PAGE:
In Kmart Corp. v. Herzog Roofing, Inc.(2017AP1041), the Court of Appeals District III ruled that the economic loss doctrine barred Kmart’s negligence claim for property damages.
Herzog and Kmart entered into a contract by which Herzog would provide materials and install a rubber roofing system on an Eau Claire Kmart store. Ten years later, the roof collapsed, and Kmart filed a negligence claim against Herzog.
The court ruled the economic loss doctrine barred the negligence claim. In the decision, the court defines the economic loss doctrine as “generally barring contracting parties from pursuing tort claims…for economic losses arising from the parties’ contractual relationship.” Under the doctrine, the claim is barred if it meets two requirements:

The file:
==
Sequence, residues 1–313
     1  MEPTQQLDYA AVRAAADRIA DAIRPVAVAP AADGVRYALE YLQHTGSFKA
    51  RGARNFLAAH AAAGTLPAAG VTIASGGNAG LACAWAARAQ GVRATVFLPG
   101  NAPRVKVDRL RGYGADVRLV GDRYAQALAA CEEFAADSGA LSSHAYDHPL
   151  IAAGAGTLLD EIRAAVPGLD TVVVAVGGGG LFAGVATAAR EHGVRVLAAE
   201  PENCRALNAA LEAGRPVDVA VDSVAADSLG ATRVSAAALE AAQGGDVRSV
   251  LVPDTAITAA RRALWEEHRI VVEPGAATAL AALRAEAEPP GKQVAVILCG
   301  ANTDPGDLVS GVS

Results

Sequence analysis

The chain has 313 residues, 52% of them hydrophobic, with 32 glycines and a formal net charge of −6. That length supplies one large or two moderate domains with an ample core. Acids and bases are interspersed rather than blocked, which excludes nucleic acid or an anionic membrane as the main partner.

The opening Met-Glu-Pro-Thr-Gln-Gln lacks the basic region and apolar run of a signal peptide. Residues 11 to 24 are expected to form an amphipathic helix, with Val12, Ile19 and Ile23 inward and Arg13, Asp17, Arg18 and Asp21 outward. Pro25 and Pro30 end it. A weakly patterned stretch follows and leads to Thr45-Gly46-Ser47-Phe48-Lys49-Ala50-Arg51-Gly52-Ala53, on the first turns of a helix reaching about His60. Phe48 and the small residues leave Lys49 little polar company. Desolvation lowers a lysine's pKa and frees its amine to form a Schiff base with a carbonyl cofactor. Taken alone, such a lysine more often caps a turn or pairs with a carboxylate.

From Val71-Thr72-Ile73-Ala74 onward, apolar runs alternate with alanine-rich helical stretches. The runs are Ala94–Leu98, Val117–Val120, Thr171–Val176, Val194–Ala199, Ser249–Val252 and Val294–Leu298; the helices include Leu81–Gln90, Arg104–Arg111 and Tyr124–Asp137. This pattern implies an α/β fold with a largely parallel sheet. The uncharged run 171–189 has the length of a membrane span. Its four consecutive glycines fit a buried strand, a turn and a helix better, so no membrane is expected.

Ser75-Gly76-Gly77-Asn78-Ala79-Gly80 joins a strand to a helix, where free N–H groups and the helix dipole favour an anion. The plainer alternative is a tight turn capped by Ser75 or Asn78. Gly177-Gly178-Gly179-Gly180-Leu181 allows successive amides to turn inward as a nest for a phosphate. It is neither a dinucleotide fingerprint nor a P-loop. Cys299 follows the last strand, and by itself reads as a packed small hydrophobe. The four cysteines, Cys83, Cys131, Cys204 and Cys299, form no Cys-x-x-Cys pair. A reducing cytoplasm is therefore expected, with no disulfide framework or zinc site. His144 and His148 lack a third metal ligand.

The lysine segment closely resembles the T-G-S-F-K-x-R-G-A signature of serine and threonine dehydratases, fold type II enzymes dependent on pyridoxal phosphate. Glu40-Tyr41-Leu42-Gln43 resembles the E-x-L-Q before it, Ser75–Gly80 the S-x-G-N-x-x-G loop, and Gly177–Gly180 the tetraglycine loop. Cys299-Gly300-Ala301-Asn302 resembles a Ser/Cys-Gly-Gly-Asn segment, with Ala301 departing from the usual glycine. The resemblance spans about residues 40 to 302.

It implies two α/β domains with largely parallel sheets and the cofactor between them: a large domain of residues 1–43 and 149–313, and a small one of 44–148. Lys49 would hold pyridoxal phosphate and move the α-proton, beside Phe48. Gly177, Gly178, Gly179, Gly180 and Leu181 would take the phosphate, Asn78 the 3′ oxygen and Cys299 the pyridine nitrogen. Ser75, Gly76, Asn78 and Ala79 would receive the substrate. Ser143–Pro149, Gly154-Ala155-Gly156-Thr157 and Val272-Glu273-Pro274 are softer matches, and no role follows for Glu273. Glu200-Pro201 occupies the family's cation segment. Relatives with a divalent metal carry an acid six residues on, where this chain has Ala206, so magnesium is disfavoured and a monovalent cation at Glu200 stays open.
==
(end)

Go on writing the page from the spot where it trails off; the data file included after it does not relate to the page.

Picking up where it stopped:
- The contract is predominantly for the sale of a product. Here, the court determined that the contract was predominantly for the sale of the roofing materials, not the service of installing them, so the economic loss doctrine applies.
- The plaintiff is seeking solely economic damages, not including damages to other property than the contracted product. Here, the court determined that the roof was an integral part of the damaged building. Furthermore, Kmart should have foreseen that the roof’s failure would have caused damages to the building and should have protected against that loss in the contract. Therefore, the damaged building was not “other property” that would prevent application of the economic loss doctrine.